Nepal PM quits over army chief crisis

Nepal's Maoist Prime Minister Prachanda resigned today after a crisis sparked by his sacking of the country's army chief, plunging the Himalayan republic into political turmoil.

The 8-month-old Maoist-led government fired General Rookmangud Katawal on Sunday, accusing him of disobeying instructions not to hire new recruits and refusing to accept the supremacy of the civilian government.

But President Ram Baran Yadav, who hails from an opposition party and is commander-in-chief of the army, called the move unconstitutional.

"I have resigned from the cabinet," Prachanda said in a televised address to the nation.

"We made enough efforts to forge a consensus but various forces were active against this and were encouraging the president to take the unconstitutional and undemocratic step (of keeping Katawal in office)," he said.

The crisis is a huge blow to a 2006 peace pact that ended a decade-long civil war that pitted the army against the Maoists. The peace agreement ushered the Maoists into the political mainstream and they won an election last year.

Hundreds of riot police in full battle gear guarded major road intersections across the Nepali capital on Monday but there was no obvious sign of unrest or street protests.

Analysts said a new election was unlikely. Nepal's other parties appeared to be readying for a new government, with or without the Maoists.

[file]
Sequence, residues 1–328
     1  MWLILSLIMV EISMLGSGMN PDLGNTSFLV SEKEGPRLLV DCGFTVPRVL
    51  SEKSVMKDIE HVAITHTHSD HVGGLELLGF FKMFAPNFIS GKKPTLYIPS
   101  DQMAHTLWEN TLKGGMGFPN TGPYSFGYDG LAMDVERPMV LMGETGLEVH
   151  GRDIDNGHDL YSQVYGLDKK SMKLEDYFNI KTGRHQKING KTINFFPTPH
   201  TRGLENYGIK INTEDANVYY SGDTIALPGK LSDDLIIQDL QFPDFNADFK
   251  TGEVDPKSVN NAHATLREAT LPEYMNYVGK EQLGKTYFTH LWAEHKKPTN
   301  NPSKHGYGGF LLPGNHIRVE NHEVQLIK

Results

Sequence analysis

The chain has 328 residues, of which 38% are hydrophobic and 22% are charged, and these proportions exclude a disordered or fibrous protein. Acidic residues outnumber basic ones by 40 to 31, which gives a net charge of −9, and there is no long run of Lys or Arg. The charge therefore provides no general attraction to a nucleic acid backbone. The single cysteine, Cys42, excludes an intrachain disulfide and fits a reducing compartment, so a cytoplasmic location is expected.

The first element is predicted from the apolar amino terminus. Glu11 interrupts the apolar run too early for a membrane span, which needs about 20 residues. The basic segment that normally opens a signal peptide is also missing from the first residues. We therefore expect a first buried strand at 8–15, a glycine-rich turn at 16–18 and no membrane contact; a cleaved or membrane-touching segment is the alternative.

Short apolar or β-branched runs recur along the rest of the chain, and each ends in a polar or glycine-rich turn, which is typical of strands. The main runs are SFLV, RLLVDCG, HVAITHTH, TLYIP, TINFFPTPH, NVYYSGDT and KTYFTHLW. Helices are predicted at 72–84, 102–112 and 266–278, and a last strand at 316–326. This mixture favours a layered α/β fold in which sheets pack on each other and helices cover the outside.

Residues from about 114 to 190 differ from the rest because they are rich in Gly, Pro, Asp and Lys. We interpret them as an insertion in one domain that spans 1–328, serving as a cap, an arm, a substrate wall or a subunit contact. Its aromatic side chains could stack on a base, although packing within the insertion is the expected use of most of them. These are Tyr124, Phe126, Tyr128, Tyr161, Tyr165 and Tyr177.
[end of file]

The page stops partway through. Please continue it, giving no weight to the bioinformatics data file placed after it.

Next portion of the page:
The main opposition party, the Nepali Congress, and moderate communist party the UML said they could both try to form a new government.

"We want a government of national consensus," said Prakash Sharan Mahat, a Nepali Congress leader.

Some experts said Prachanda had pre-empted the inevitable end of his government by resigning.

Two government parliamentary allies withdrew from the ruling coalition to protest against the army chief's dismissal, leaving the Maoists with a thin majority and possibly leading to a confidence vote in the government.

"He has resigned because the government was headed to become a minority," said Lok Raj Baral, head of the Nepal Centre for Strategic Studies think tank.

"Now the other political parties will be busy to form an alternative government. But it is too early to say anything definitive now."

The challenges are immense. The Maoists came to power with huge expectations from voters won over by their promises of a a "new Nepal" in one of the world's poorest countries.

But a crippling shortage of electricity and the highest inflation in a decade have hampered economic growth, forcing industries to cut production by about 60 percent.

The resignation is an about-turn for Prachanda, who scored a surprise win in a special assembly election last year but did not get a parliamentary majority. The assembly abolished Nepal's 239-year-old monarchy and declared the nation a republic. Prachanda led an insurgency against the monarchy in the jungles around the Himalayan foothills.